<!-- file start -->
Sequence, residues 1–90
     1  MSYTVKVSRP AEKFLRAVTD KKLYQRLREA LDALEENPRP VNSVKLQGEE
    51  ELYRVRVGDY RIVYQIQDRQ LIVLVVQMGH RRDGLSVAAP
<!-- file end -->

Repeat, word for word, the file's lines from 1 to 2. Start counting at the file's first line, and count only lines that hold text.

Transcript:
Sequence, residues 1–90
     1  MSYTVKVSRP AEKFLRAVTD KKLYQRLREA LDALEENPRP VNSVKLQGEE